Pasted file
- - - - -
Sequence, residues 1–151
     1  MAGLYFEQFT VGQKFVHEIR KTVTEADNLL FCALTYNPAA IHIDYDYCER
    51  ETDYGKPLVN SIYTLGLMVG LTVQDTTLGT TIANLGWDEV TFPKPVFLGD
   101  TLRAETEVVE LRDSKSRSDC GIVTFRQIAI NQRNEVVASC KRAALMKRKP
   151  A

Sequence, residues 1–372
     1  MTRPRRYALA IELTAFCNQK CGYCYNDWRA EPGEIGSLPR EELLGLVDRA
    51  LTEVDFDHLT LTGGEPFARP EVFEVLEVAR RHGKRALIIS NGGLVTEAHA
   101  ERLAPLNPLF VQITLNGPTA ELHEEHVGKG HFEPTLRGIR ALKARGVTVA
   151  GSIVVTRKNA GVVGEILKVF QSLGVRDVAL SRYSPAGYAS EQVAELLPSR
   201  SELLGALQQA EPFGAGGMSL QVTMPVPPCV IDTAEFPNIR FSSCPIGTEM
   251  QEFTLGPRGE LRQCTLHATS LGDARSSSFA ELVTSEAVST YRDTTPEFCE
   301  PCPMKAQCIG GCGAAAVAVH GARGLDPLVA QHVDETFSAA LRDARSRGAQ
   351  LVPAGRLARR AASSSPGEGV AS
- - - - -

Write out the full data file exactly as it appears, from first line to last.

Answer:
Sequence, residues 1–151
     1  MAGLYFEQFT VGQKFVHEIR KTVTEADNLL FCALTYNPAA IHIDYDYCER
    51  ETDYGKPLVN SIYTLGLMVG LTVQDTTLGT TIANLGWDEV TFPKPVFLGD
   101  TLRAETEVVE LRDSKSRSDC GIVTFRQIAI NQRNEVVASC KRAALMKRKP
   151  A

Sequence, residues 1–372
     1  MTRPRRYALA IELTAFCNQK CGYCYNDWRA EPGEIGSLPR EELLGLVDRA
    51  LTEVDFDHLT LTGGEPFARP EVFEVLEVAR RHGKRALIIS NGGLVTEAHA
   101  ERLAPLNPLF VQITLNGPTA ELHEEHVGKG HFEPTLRGIR ALKARGVTVA
   151  GSIVVTRKNA GVVGEILKVF QSLGVRDVAL SRYSPAGYAS EQVAELLPSR
   201  SELLGALQQA EPFGAGGMSL QVTMPVPPCV IDTAEFPNIR FSSCPIGTEM
   251  QEFTLGPRGE LRQCTLHATS LGDARSSSFA ELVTSEAVST YRDTTPEFCE
   301  PCPMKAQCIG GCGAAAVAVH GARGLDPLVA QHVDETFSAA LRDARSRGAQ
   351  LVPAGRLARR AASSSPGEGV AS